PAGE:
DUBAI (Reuters) - Iran rejected French calls for wider international talks over its nuclear and military ambitions, saying on Friday it would only discuss its existing 2015 atomic pact with world powers, state TV reported.
French President Emmanuel Macron had said a day earlier that Paris and Washington both wanted to stop Tehran getting nuclear arms and new talks should focus on curbing its ballistic missiles program and on other issues.
But Iran’s foreign ministry said it would not hold any discussions beyond the 2015 pact which U.S. President Donald Trump abandoned last year as he pressed for tougher restrictions.
“Under this circumstances, talking about issues beyond the deal ... will lead to further mistrust among the remaining signatories of the deal,” foreign ministry spokesman Abbas Mousavi said in a statement.
The United States pulled out of the 2015 agreement - under which Tehran agreed to curb its nuclear work in exchange for sanctions relief- saying it did was not permanent and did not do enough to control Iran’s missiles and regional influence.
In 2017, Iran rejected Macron’s call for talks on Tehran’s ballistic missiles, saying they were purely defensive, arguing that U.N. Security Council resolution 2231 that enshrined Iran’s nuclear deal with six powers “does not prohibit missile program and missile tests by Iran.”
“a. UNSC 2231: “Iran is CALLED UPON” not prohibited; b. “Not to undertake any activity related to ballistic missiles DESIGNED to be capable of delivering NUCLEAR weapons. Our missiles are not “designed” for nukes, which we’re not developing,” Foreign Minister Mohammad Javad Zarif tweeted on Friday.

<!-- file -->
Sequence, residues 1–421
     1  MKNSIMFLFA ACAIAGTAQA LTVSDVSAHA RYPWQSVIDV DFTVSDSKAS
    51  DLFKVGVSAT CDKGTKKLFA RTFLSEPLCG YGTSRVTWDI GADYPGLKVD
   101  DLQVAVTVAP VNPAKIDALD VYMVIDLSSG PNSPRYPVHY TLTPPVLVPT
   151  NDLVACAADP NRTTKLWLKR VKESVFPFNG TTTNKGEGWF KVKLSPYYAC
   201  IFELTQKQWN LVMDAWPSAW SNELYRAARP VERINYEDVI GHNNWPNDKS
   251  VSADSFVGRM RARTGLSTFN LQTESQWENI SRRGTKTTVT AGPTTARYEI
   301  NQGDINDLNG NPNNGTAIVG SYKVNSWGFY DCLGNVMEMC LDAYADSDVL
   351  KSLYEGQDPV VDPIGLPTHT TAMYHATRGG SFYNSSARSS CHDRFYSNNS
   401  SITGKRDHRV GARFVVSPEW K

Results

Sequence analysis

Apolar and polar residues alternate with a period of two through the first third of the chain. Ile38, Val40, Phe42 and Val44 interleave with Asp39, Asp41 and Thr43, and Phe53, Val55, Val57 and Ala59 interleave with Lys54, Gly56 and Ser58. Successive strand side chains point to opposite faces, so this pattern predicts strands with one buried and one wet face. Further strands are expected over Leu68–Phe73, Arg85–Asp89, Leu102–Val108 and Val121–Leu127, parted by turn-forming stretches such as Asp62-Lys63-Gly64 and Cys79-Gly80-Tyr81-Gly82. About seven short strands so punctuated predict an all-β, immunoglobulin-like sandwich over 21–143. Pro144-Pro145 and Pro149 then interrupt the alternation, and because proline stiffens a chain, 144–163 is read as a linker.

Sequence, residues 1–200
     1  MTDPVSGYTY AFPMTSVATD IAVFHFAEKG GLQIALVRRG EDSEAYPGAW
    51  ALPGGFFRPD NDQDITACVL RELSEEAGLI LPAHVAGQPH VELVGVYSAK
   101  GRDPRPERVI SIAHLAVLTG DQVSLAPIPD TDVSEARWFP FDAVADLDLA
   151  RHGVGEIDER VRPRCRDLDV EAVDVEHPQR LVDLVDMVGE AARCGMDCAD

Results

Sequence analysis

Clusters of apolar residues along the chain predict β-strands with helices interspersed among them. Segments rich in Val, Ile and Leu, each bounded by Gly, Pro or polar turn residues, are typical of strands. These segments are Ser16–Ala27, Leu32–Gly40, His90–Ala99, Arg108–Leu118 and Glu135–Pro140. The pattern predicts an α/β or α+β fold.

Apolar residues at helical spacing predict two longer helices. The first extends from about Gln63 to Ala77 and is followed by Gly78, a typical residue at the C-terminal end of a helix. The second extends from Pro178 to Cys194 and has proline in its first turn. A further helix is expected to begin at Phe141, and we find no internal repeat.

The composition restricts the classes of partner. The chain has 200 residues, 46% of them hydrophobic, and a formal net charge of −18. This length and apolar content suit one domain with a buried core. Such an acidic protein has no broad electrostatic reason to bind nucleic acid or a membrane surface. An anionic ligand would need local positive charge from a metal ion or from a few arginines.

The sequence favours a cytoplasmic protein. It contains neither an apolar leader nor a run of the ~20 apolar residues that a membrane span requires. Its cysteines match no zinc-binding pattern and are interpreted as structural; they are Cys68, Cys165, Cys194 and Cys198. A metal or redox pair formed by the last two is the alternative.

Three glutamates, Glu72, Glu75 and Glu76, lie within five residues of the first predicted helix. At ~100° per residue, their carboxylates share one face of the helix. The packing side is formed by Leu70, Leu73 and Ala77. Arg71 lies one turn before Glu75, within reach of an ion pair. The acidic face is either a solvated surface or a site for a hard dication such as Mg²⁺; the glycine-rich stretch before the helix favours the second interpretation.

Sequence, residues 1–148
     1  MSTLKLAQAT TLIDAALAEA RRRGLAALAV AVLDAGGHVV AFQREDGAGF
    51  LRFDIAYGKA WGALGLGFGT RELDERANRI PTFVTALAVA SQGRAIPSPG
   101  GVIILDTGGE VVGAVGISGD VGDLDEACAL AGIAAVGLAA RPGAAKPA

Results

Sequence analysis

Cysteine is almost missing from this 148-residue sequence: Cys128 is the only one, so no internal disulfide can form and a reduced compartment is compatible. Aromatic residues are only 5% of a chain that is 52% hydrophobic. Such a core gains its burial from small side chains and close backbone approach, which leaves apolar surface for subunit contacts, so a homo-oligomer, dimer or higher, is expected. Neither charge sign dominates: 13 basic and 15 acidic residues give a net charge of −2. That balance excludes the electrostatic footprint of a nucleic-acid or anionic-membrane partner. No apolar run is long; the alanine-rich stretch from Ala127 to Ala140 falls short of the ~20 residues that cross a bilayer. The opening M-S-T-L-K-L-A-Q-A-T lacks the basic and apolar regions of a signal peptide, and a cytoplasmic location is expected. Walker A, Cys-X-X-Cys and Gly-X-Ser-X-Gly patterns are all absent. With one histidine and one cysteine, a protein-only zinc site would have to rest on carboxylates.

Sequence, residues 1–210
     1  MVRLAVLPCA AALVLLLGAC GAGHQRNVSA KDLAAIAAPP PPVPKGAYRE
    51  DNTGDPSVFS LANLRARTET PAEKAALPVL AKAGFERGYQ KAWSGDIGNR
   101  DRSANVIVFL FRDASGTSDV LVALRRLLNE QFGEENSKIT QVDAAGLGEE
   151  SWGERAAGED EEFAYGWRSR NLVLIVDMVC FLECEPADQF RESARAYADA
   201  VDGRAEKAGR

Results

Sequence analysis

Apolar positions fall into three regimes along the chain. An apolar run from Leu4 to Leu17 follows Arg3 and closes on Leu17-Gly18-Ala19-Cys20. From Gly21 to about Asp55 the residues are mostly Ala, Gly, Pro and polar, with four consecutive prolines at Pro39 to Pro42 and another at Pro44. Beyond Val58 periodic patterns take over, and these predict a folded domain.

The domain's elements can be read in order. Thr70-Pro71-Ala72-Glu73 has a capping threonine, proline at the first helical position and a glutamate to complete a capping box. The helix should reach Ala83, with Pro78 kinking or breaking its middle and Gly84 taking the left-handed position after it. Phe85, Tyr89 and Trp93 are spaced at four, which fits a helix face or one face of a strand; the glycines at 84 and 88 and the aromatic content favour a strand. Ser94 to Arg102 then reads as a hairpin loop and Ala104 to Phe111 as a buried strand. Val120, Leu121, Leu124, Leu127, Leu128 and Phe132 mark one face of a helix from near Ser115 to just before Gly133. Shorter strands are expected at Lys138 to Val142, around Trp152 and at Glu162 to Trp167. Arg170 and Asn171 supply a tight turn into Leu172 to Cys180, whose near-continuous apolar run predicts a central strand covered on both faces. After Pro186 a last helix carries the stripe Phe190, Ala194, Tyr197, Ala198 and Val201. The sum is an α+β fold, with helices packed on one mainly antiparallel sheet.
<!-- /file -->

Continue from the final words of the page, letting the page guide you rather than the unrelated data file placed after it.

France and other European signatories to the deal have said they wanted to save it, but many of their companies have canceled deals with Tehran, under financial pressure from the United States.
“The Europeans have so far failed to fulfill their commitments under the deal and ... to protect Iran’s interests after America’s illegal withdrawal,” Mousavi added in his statement, according to state TV.
Trump said on Thursday that Iran was failing as a nation, under the pressure of his sanctions, and repeated his call for talks with the leadership in Tehran.
Mousavi dismissed Trump’s comments as “repetitive, groundless and paradoxical” and said they did not merit a response.
Iran’s top authority Supreme Leader Ayatollah Ali Khamenei has dismissed Washington’s call for negotiations. However, Iran’s pragmatist President Hassan Rouhani has signaled Iran’s willingness to hold talks if the U.S. showed its respect and returned to the nuclear accord.
A senior commander of Iran’s elite revolutionary Guards repeated the country’s official stance by saying that Tehran “is not seeking war” with the United States but warned that it will respond “decisively” to any aggression.
“Iran enjoys the best military forces ... any war against Iran would not stop at Iran’s borders and it would engulf the entire region,” Iran’s state news agency IRNA quoted Brigadier General Morteza Ghorbani as saying on Friday.
Writing by Parisa Hafezi, Editing by Andrew Heavens, William Maclean